The Other Mother Theresa


In a recent post, Sisterhood Sticky Notes asked the question, ‘When did you feel loved today?”I have felt loved all week and it has everything to do with one very special friend called Theresa.

I first met Theresa when Jon and I were new to Perth and visiting different churches in the city to try find one that felt like home. When we walked into Freedom Life she was one of the first people to greet us, but not in the formal handshake-at-the-door kind of greeting, but more the Tigger-from-Winnie-the-Pooh-bounding-up-to-say-hello kind of greeting. It was not so much the crazy hair, piercings, loud accessories and colourful wardrobe that left a lasting impression, but more the warmth and friendliness that oozed out of her. You felt loved and accepted and special within seconds of chatting to her. In fact, Theresa herself was probably the main factor that drew and kept us at this church.

There was definitely no forgetting her face, but she also made it easy for me to remember her name. She introduced herself and said that she has five children, so I could go ahead and call her Mother Theresa if I liked! Now, Theresa does not just have five children: she has five boy children. All between the ages of 14 and 7. This in itself would qualify her for the title of “The Other Mother Theresa”. But wait – there’s more…

Theresa shares something in common with the late Mother Theresa: she demonstrates her love through acts of service. It’s been a challenging and emotional week for Jon and me with Lucy going to hospital and getting her cast (spica) put on. Theresa knew this and knew that we would need a lot of love. So, instead of just sending a loving text, she set about loving us in very practical ways:

*She cooked us three nights’ worth of delicious suppers

*She bought us a ready-made meal to heat up on the day we got back from hospital

*She gave us snacks to take with us to the hospital, including delicious homemade brownies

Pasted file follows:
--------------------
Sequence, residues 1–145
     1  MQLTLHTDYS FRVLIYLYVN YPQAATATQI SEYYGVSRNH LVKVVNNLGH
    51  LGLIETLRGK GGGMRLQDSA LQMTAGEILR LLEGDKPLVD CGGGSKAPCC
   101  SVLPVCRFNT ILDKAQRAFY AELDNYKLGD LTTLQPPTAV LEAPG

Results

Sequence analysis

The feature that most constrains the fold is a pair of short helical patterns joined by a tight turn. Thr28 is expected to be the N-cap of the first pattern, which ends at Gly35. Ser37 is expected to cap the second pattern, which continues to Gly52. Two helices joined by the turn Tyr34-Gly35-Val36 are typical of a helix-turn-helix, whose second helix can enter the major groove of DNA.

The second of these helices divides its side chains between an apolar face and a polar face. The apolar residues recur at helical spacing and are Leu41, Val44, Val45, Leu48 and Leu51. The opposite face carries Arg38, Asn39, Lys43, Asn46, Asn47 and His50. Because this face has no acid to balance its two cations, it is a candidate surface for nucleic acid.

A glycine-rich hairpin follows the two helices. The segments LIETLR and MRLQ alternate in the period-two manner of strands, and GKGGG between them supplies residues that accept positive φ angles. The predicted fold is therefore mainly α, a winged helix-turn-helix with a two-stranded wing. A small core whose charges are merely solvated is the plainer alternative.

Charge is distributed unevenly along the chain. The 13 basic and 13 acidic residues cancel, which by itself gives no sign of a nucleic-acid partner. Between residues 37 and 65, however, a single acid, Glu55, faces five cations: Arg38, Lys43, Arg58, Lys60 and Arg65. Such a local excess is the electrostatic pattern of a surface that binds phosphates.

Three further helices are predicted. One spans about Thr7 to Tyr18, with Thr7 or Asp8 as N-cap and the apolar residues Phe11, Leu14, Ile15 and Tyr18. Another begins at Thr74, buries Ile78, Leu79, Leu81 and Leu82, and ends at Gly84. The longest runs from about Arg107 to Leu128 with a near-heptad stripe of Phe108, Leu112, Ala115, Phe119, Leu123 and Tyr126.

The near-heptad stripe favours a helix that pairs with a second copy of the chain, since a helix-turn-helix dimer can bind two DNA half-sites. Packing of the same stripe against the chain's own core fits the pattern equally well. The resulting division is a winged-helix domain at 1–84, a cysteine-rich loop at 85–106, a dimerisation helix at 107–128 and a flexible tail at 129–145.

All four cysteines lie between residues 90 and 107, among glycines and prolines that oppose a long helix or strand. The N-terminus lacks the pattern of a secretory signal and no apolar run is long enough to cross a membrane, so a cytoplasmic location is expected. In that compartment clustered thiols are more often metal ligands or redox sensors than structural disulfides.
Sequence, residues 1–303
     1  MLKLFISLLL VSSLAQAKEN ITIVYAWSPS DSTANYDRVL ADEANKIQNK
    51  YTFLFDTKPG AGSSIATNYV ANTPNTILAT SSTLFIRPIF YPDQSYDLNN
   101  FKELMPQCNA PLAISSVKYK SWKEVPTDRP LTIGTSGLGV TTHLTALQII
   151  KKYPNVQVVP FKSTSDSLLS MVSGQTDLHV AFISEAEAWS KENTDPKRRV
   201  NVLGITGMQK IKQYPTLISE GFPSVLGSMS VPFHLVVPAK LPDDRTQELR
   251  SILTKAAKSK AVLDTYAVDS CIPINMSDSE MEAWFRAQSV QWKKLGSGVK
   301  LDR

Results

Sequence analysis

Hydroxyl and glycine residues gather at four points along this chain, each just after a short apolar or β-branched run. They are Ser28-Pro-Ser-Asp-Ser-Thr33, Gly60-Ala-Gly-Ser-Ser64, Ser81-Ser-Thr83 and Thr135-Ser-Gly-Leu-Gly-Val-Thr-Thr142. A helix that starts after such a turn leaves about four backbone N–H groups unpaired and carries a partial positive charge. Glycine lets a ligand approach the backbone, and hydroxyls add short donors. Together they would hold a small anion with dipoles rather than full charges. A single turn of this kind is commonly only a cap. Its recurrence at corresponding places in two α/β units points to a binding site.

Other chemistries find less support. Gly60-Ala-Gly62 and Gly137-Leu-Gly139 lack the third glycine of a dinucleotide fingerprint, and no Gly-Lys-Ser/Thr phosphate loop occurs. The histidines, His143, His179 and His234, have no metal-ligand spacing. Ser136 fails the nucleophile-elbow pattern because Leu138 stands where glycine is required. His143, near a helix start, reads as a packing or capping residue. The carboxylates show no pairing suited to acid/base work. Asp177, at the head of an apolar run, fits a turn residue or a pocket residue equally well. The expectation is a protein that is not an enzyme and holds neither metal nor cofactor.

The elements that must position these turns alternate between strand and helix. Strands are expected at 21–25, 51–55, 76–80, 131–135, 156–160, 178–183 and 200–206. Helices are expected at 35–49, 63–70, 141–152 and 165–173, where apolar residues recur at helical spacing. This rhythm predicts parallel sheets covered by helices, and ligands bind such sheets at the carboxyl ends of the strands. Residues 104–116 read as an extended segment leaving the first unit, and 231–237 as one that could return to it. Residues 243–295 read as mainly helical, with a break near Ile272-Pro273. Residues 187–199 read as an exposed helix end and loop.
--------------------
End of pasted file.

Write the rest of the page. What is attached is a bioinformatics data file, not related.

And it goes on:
*She came to visit me and Lucy to get us out the house for a coffee to make sure we weren’t just sitting around at home getting lonely

*She prayed for us

*She sent encouraging text messages

*She phoned to check up on us

*She asked what things we will need for our new house that we’re building and in a few days had sourced a double bed, a bedside table, a chest of drawers and an almost-new microwave 

*She rounded up a friend to help Jon with painting the new house on the weekend (thanks Tony for giving up your whole Saturday!)

All of the above just in the last week.

This is love in action. This is the type of love that captured the world’s attention when Mother Theresa was nursing the sick and helping the destitute and feeding the hungry. This is the type of love The Other Mother Theresa is demonstrating to her five boys. She doesn’t tell  them to love others – she shows them how to do it.

Let us all love like Theresa loves.

“This is how we know what love is: Jesus Christ laid down his life for us. And we ought to lay down our lives for our brothers.  If anyone has material possessions and sees his brother in need but has no pity on him, how can the love of God be in him?  Dear children, let us not love with words or tongue but with actions and in truth.” 1 John 3:16-18

Surgery and the Spica


So, at the age of seven-and-a-half months, Lucy was scheduled to have her first ever surgery. We had to check in to Princess Margaret Hospital at 6:45 a.m. for her 8:15 a.m. operation. I set my alarm for 4:45 so I could grab a quick shower before waking Lucy at 5 for her last feed (she had to fast for three hours beforehand). This was an early start after getting to bed late due to packing my hospital bag and getting various things organised, not to mention Lucy’s multiple wake-ups during the night!

Lucy all dressed up in her hospital-issue pj's, looking like a jailbird! And a bleary-eyed mama trying to be strong.

Lucy all dressed up in her hospital-issue pj’s, looking like a jailbird! And a bleary-eyed mama trying to be strong.

Before the procedure we had to speak to several people all asking pretty much the same questions, have Lucy weighed and measured up for her cast, sign various consent forms, select the colour for the cast and then decide who was going to go through with her when they put her under anaesthetic. In my mind it was always going to be me but at the last minute I told Jon it had to be him because the closer we got to 8:15, the more frayed my nerves were becoming and I lost confidence in my ability to keep smiling while she was being put to sleep.

As the team of medical staff arrived to wheel her off and Jon went along with them, I couldn’t help myself and burst into tears in the busy waiting room, the lack of sleep and suppressed anxiety taking its toll. (I’ve wisened up now and know to wear waterproof mascara to all medical appointments!) Jon was back within probably two minutes. Lucy had been completely calm and very quickly went to sleep when they gave her the gas, without any dramatic rolling of eyes or convulsions!